During the first half of the twentieth century, Mexican Chicago was shaped by the ebbs and flows of revolutionary politics. Initially, the liberals, radicals, and conservatives all defined themselves as patriotic Mexican citizens. The Calles and Cardenas presidencies reinforced the nationalism of the liberals and radicals, while these presidencies and their policies repulsed the traditionalists from Mexico. As traditionalists distanced themselves from postrevolutionary Mexico, they offered Mexican Catholics a deterritorialized brand of mexicanidad that characterized Mexicans as a supranational people. U.S. deportation campaigns only underscored the ways Mexican citizenship could cost traditionalists their Catholic communities. In the end, the liberals and radicals were simply too disenchanted with the United States to become U.S. citizens, while Mexican radicalism and American nativism convinced traditionalists that it was in their best interest to become Americans.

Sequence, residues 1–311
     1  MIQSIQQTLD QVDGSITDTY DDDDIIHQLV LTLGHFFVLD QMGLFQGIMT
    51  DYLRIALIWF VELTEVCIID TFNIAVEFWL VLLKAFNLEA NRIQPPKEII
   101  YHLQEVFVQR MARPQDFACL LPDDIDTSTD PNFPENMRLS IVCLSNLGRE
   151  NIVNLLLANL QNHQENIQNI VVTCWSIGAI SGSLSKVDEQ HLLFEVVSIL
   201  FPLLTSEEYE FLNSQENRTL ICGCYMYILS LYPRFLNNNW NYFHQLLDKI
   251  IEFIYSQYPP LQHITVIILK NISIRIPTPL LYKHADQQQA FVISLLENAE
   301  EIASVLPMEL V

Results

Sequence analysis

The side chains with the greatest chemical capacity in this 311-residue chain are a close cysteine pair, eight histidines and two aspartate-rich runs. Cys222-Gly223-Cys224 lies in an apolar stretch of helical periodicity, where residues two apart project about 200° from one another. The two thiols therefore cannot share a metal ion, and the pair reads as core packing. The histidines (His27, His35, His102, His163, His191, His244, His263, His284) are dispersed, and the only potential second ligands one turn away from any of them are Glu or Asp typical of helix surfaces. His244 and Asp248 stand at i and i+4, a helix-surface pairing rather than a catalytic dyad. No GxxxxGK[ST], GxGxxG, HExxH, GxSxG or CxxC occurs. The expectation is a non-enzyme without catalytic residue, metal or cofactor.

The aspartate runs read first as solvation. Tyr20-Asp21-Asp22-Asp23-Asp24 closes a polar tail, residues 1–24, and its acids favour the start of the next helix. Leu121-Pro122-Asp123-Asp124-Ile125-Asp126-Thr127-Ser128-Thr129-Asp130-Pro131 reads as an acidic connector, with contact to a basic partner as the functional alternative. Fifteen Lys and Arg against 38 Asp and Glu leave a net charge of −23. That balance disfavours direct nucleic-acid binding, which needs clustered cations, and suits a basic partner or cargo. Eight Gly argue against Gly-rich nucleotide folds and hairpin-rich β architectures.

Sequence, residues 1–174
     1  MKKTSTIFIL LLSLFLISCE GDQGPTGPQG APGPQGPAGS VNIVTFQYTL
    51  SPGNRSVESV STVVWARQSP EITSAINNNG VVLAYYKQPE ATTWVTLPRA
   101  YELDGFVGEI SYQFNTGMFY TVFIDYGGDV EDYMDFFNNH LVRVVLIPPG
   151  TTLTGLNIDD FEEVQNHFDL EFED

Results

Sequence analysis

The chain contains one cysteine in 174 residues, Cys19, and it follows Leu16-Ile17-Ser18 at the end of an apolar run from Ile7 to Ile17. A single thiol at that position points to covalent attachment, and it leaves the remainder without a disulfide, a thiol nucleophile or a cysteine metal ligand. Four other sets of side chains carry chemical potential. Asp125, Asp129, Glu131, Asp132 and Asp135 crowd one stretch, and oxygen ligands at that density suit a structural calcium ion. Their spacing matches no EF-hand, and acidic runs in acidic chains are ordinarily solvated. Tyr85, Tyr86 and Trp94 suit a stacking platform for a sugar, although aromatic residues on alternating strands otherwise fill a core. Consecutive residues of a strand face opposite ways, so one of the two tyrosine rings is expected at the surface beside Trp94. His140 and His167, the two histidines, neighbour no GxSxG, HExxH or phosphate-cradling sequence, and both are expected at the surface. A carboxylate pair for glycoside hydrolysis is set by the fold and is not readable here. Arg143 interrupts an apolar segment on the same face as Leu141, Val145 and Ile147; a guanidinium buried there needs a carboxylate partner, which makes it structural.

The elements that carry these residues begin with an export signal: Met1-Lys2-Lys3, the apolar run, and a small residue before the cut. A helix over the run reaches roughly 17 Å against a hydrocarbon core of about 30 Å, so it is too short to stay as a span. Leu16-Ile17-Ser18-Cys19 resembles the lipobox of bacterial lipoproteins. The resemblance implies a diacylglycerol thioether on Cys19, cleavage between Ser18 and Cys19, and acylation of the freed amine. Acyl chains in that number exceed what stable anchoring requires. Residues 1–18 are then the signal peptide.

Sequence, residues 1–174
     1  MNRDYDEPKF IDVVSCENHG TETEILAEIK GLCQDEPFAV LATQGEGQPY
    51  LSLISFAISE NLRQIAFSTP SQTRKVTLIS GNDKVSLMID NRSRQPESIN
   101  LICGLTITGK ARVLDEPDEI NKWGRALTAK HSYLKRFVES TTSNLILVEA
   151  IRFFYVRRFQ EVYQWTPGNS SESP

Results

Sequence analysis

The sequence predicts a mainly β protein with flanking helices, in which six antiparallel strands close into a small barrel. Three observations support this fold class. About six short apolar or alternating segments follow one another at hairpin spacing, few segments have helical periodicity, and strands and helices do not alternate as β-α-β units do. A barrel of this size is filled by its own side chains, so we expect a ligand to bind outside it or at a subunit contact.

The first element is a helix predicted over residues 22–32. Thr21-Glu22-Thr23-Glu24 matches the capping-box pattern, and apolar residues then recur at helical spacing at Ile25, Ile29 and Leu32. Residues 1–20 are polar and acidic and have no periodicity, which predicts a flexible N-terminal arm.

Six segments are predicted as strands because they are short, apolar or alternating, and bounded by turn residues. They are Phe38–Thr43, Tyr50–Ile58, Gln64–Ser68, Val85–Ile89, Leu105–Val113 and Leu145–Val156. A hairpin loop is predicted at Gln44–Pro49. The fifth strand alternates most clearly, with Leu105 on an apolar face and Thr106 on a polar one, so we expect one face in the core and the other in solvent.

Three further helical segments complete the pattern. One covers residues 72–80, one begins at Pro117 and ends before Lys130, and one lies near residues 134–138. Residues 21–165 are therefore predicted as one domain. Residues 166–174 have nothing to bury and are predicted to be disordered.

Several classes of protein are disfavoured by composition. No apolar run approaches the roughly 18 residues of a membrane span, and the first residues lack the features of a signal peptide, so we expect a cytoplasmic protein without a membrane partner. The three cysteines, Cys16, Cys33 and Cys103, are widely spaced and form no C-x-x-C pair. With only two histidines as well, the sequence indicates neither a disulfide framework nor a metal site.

Keywords: Subaltern nationalism, League of United Latin American Citizens, Mexican Civic Committee, Frank Paz, Vietnam War, Farmworkers Movement, Chicano Movement, The Border Protection, Anti-terrorism, and Illegal Immigration Control Act, Immigrant Rights Megamarch, Hometown Association
Illinois Scholarship Online requires a subscription or purchase to access the full text of books within the service. Public users can however freely search the site and view the abstracts and keywords for each book and chapter.
If you think you should have access to this title, please contact your librarian.
To troubleshoot, please check our FAQs, and if you can't find the answer there, please contact us.